Type members are [almost] type parameters

This is the first of a series of articles on “Type Parameters and Type Members”.

Type members like Member

class Blah {
  type Member

and parameters like Param

class Blah2[Param]

have more similarities than differences. The choice of which to use for a given situation is usually a matter of convenience. In brief, a rule of thumb: a type parameter is usually more convenient and harder to screw up, but if you intend to use it existentially in most cases, changing it to a member is probably better.

Here, and in later posts, we will discuss what on earth that means, among other things. In this series of articles on Type Parameters and Type Members, I want to tackle a variety of Scala types that look very different, but are really talking about the same thing, or almost.

Two lists, all alike

To illustrate, let’s see two versions of the functional list. Typically, it isn’t used existentially, so the usual choice of parameter over member fits our rule of thumb above. It’s instructive anyway, so let’s see it.

sealed abstract class PList[T]
final case class PNil[T]() extends PList[T]
final case class PCons[T](head: T, tail: PList[T]) extends PList[T]

sealed abstract class MList {self =>
  type T
  def uncons: Option[MCons {type T = self.T}]
sealed abstract class MNil extends MList {
  def uncons = None
sealed abstract class MCons extends MList {self =>
  val head: T
  val tail: MList {type T = self.T}
  def uncons = Some(self: MCons {type T = self.T})

We’re not quite done; we’re missing a way to make MNils and MConses, which PNil and PCons have already provided for themselves, by virtue of being case classes. But it’s already pretty clear that a type parameter is a more straightforward way to define this particular data type.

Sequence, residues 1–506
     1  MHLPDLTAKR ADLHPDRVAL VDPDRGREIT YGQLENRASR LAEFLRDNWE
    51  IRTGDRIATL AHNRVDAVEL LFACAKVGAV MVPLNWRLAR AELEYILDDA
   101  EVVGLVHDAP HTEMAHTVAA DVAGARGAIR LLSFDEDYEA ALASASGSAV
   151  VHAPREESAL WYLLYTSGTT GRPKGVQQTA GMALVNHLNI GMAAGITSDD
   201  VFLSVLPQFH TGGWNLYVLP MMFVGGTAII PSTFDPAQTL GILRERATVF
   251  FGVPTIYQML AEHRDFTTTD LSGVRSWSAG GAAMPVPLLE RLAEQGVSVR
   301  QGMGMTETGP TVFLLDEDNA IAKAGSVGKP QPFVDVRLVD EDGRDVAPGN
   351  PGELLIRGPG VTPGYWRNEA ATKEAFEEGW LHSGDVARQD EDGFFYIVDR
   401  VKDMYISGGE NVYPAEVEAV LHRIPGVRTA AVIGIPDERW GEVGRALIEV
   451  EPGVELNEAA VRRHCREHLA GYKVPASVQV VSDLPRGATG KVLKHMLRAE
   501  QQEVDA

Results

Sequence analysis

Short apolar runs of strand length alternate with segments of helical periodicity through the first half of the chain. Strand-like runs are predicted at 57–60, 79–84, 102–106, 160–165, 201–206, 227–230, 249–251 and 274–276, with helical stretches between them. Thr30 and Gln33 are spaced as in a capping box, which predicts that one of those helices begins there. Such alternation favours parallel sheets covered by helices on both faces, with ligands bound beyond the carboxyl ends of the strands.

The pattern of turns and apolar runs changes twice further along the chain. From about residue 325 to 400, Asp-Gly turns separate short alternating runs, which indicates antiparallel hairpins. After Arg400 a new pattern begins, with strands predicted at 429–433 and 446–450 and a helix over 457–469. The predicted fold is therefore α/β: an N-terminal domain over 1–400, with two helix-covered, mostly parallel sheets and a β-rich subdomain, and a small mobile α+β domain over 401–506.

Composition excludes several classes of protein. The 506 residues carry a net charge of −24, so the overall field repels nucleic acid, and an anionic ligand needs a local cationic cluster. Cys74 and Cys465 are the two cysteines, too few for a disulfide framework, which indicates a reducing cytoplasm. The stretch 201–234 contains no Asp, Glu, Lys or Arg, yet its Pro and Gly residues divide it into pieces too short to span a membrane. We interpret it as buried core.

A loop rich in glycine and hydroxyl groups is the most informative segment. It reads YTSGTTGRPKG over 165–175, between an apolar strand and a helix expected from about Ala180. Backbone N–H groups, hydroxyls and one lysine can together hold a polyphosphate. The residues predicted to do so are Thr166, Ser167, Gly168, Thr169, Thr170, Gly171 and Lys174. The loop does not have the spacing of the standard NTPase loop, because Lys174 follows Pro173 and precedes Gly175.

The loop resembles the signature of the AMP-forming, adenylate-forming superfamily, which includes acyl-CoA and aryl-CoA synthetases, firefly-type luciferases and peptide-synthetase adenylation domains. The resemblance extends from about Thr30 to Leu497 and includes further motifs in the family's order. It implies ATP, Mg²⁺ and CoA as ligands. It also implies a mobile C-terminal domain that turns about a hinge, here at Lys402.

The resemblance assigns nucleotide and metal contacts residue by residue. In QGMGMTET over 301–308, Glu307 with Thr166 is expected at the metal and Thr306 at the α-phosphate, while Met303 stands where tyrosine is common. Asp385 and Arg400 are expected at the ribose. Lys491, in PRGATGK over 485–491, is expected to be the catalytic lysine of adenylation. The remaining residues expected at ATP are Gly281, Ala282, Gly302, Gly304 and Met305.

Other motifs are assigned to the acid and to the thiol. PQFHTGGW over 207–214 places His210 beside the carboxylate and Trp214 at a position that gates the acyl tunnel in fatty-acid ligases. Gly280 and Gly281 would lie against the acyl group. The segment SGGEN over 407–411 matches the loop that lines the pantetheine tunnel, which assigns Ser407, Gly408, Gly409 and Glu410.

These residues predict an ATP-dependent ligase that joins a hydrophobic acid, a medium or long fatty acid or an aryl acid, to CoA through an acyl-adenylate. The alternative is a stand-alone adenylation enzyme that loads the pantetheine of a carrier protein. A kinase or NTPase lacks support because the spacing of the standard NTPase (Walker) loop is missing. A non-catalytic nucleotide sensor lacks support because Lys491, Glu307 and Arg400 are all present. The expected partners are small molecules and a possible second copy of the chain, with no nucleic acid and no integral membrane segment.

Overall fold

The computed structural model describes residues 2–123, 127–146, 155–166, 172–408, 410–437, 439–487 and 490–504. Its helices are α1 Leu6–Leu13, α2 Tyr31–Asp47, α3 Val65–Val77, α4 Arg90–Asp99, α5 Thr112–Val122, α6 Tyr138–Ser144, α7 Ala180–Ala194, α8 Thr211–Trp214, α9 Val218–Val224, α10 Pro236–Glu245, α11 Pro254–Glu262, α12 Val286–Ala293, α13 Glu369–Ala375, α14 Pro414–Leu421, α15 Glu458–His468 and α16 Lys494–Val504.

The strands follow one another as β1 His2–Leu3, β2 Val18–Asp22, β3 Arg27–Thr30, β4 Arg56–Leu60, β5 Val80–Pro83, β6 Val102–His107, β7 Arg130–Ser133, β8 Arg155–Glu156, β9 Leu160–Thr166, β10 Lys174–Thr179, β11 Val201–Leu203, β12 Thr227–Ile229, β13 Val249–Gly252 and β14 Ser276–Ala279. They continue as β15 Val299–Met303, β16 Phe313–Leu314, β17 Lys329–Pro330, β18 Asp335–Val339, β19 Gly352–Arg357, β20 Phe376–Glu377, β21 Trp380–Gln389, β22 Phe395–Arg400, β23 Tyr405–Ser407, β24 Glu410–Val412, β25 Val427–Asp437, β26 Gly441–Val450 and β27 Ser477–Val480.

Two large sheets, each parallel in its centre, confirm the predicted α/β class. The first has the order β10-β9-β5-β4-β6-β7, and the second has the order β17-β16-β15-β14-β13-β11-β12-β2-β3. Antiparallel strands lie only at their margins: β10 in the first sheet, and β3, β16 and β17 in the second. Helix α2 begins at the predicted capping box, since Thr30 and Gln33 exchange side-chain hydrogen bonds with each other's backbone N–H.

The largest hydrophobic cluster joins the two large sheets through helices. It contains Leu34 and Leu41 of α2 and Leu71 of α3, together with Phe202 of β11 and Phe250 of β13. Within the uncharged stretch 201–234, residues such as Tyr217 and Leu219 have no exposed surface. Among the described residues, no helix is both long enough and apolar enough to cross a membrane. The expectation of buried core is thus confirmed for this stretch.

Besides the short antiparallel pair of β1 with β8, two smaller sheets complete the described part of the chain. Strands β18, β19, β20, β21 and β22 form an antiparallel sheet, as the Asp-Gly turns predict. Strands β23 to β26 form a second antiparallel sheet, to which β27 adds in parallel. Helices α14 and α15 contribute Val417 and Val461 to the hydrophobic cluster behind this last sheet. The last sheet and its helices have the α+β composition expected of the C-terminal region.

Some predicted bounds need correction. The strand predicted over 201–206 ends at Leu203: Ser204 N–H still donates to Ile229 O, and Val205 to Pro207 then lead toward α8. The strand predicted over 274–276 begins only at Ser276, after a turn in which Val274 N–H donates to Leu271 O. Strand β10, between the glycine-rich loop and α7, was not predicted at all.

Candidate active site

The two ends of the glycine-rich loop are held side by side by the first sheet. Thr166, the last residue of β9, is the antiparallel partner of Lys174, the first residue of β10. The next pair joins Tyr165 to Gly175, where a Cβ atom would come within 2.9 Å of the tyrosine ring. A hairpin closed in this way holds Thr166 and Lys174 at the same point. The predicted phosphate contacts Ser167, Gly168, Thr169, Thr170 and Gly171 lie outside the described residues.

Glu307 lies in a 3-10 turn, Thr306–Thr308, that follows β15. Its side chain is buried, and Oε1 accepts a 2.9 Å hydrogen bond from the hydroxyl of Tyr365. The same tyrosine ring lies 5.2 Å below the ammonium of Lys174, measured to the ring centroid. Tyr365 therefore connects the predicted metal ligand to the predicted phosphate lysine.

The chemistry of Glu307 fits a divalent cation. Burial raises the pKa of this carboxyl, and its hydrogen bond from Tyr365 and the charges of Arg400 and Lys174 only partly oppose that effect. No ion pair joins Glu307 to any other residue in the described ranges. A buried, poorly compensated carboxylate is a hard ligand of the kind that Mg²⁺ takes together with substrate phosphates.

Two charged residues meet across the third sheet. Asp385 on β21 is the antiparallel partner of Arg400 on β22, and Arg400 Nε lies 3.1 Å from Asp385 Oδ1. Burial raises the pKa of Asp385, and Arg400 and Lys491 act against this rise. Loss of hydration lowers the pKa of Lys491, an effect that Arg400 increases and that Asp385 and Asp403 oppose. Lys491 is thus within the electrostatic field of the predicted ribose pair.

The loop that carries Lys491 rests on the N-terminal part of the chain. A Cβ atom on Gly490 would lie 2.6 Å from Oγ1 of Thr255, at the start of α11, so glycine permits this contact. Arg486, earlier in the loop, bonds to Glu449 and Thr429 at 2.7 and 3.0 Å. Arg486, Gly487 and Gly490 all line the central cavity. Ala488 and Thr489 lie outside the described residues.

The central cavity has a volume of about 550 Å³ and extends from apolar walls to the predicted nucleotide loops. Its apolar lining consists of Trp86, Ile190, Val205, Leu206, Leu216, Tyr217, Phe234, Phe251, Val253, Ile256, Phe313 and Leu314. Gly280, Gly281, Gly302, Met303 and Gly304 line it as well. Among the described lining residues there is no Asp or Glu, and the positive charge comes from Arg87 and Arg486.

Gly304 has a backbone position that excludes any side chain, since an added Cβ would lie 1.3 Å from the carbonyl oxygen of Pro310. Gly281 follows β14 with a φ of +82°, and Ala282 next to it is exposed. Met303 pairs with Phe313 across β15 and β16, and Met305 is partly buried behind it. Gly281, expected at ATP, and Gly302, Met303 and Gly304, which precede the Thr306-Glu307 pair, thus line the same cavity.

The instance creation takes just a bit more scaffolding for our examples:

def MNil[T0](): MNil {type T = T0} =
  new MNil {
    type T = T0

def MCons[T0](hd: T0, tl: MList {type T = T0})
  : MCons {type T = T0} =
  new MCons {
    type T = T0
    val head = hd
    val tail = tl

Why all the {type T = ...}?

After all, isn’t the virtue of type members that we don’t have to pass the type around everywhere?

Let’s see what happens when we attempt to apply that theory. Suppose we remove only one of the refinements above, as these {...} rainclouds at the type level are called. Let’s remove the one in val tail, so class MCons looks like this:

sealed abstract class MCons extends MList {self =>
  val head: T
  val tail: MList

Now let us put a couple members into the list, and add them together.

scala> val nums = MCons(2, MCons(3, MNil())): MCons{type T = Int}
nums: tmtp.MCons{type T = Int} = tmtp.MList$$anon$2@3c649f69

scala> nums.head
res1: nums.T = 2

scala> res1 + res1
res2: Int = 4

res3: Option[nums.tail.T] = Some(3)

scala> - res2)
<console>:21: error: value - is not a member of nums.tail.T - res2)

When we took the refinement off of tail, we eliminated any evidence about what its type T might be. We only know that it must be some type. That’s what existential means.

In terms of type parameters, MList is like PList[_], and MList {type T = Int} is like PList[Int]. For the former, we say that the member, or parameter, is existential.

When is existential OK?